The Schools are destroying Freedom of Speech According to the article written by John W. Whitehead, “The Schools are Destroying Freedom of Speech,” John W. Whitehead stated that teachers are hindering students from learning or being allowed to exercise their constitutional rights. Schools don’t have the right or authority to hinder students from not offend or cause harm to others. There were two occasions documented and went as far as to the Supreme Court, how teachers and administrations pulled the plug on several valedictorian students during graduations; while sharing a censored speech on their religion and their feelings, (John W. Whitehead, 2009). On occasions, teachers and administrators reviewed and had students to take out what they thought would affect the audience or what was against certain regulations of the school. However, the students felt the need to express their thoughts, ideas and feelings in the way they felt.
'Jesus Not Allowed': Anti-Faith Sentiment Sweeps US Angela Hildenbrand faced the very real possibility of going to jail for her faith. The trouble began when a federal judge ruled that no one at her Texas high school could pray or even use words like "prayer" or "amen" during the 2011 graduation ceremonies. As class valedictorian, Hildenbrand felt God deserved the praise, even if it meant jail for her. "I was definitely preparing myself to have to make that sort of tough decision and mentally prepare myself for what well could be coming next," she told CBN News. Hildenbrand's case is just one of more than 640 cases of religious hostility cited in a new report by the Liberty Institute.
An example of the previously stated assertion is in the Hazelwood School District v. Kuhlmeier case. A school principal censored a student newspaper by removing some of the articles prior to publication because he felt the some of the student’s body would feel uncomfortable and targeted by the topics. The students felt that the principal’s actions were unfair and violated their first amendment rights of freedom of speech and press. They took the case to court, and the decision was 5 to 3 with one jurier undecided in favor or the school district. This case shows how even though the students have freedom of speech and press if it will impact the audience or others negatively it isn’t allowed.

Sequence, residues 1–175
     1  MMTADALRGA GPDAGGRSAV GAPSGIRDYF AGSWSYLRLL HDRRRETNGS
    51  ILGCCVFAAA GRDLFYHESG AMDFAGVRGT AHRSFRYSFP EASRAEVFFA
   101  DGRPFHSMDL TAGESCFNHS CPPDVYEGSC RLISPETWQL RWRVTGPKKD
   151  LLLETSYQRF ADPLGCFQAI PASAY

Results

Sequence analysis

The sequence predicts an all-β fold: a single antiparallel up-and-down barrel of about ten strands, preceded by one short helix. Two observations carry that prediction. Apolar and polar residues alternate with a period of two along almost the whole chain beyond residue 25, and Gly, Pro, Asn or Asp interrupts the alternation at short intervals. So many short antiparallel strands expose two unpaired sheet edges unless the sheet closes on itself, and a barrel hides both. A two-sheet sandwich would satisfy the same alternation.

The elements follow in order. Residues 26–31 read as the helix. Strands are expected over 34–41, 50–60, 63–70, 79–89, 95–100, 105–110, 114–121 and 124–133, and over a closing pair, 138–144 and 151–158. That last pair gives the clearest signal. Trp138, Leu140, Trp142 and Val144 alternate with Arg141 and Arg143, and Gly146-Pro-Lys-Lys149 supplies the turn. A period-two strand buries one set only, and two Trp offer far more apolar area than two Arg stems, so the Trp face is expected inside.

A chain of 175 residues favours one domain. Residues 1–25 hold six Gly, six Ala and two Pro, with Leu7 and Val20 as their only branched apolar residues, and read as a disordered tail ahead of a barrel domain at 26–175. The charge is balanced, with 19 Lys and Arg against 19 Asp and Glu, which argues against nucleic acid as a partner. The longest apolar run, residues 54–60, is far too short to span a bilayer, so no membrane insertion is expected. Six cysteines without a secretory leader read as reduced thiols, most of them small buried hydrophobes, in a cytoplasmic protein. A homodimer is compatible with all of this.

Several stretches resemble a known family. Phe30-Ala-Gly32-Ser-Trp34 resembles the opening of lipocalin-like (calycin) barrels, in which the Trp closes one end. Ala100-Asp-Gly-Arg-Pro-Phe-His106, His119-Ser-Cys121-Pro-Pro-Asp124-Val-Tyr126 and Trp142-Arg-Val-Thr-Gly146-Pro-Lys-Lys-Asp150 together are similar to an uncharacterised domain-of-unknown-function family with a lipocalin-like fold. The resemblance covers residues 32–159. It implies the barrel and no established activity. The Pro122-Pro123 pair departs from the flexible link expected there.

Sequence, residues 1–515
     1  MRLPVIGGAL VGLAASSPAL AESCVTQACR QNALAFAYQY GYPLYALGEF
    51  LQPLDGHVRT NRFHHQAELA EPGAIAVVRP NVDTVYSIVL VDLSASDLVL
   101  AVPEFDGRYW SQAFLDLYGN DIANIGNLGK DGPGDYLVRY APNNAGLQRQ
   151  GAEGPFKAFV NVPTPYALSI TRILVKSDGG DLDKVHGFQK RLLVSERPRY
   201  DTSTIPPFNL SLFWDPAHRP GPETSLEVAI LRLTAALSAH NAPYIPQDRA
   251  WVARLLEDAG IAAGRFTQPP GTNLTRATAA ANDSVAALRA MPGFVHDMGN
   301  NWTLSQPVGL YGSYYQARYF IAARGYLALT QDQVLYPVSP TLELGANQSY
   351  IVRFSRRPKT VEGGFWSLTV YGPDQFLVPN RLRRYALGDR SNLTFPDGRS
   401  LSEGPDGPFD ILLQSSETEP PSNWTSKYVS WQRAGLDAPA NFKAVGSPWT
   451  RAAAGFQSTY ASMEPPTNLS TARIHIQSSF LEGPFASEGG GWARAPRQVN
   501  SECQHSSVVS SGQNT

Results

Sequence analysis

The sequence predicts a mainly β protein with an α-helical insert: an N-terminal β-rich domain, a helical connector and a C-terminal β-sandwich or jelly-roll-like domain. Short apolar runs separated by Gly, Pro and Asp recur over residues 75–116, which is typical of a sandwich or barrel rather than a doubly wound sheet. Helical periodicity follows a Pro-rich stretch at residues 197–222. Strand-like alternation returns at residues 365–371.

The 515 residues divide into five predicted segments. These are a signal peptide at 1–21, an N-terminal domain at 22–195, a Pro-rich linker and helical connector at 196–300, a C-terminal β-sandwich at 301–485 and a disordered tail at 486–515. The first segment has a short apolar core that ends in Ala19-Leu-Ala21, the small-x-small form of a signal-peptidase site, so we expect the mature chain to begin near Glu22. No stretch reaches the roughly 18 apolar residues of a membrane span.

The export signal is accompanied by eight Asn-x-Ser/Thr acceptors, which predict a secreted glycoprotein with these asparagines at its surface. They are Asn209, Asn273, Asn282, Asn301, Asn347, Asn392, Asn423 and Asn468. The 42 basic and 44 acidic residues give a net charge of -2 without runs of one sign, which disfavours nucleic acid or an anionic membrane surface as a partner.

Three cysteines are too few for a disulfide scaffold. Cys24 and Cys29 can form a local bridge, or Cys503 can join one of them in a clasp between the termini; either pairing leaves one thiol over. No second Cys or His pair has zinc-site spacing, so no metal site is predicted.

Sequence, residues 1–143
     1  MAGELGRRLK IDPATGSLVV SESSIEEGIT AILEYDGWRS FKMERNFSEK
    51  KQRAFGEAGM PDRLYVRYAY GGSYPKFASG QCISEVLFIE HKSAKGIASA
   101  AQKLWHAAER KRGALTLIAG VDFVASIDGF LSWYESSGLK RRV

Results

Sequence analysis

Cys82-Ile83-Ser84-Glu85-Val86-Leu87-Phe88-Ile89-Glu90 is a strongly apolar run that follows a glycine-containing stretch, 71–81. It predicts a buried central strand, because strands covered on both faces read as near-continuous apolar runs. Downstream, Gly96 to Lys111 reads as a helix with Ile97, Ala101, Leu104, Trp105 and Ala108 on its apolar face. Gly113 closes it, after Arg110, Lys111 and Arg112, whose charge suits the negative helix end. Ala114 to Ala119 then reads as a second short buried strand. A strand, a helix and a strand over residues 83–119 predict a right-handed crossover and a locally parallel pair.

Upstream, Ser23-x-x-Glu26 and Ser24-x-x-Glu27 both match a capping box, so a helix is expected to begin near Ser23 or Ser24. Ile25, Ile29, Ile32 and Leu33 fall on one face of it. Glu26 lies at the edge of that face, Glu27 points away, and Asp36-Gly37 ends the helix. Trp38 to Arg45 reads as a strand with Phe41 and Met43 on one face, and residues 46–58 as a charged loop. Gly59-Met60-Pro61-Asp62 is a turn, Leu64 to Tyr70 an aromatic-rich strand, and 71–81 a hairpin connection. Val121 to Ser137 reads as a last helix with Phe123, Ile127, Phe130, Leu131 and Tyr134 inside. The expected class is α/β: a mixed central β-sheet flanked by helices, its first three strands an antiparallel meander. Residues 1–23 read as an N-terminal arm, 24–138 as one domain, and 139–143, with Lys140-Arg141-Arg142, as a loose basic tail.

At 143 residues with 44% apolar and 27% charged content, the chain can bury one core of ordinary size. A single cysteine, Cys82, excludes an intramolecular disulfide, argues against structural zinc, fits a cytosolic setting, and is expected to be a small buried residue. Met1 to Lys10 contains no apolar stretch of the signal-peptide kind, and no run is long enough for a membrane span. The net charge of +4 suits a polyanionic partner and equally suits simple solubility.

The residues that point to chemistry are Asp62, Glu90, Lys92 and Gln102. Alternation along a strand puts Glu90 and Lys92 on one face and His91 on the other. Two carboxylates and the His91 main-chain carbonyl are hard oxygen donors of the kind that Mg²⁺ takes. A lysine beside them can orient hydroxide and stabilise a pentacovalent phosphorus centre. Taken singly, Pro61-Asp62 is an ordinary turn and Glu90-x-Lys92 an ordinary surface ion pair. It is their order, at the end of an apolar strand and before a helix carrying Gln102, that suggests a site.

Prayer in the Public School System PHI 200 Instructor: March 21, 2011 The question of whether prayer should be allowed in the Public School System is a question that has been debated for many decades. The debate started in 1962 and runs still today. In this debate some have said that if all religions cannot be represented then none should be represented. Prayer in public schools became an issue in 1960: When Madalyn Murray O'Hair sued the Baltimore MD school system on behalf of her son William J Murray, because he was being forced to pray in school. Ultimately, her actions and the actions of the American Atheist Organization resulted in the Supreme Court ruling of 1962.
The first amendment in the Constitution of the United States encompasses many immutable rights of its people such as freedom of speech, assembly, press, and lastly, religion. In Engel v. Vitale for example, the Supreme court’s court unanimous decision is rooted in the establishment clause of the first amendment which reads, “Congress shall make no law respecting the establishment of a religion.” In this pivotal case, aroused the anger of many parents who did not approve of prayer being recited by New York school children. Although it is not unconstitutional to pray in public schools, the Constitution does however forbid the encouragement of recitation in public schools. Therefore in an opinion delivered by Justice Hugo Black, the court reached a decision that encouragement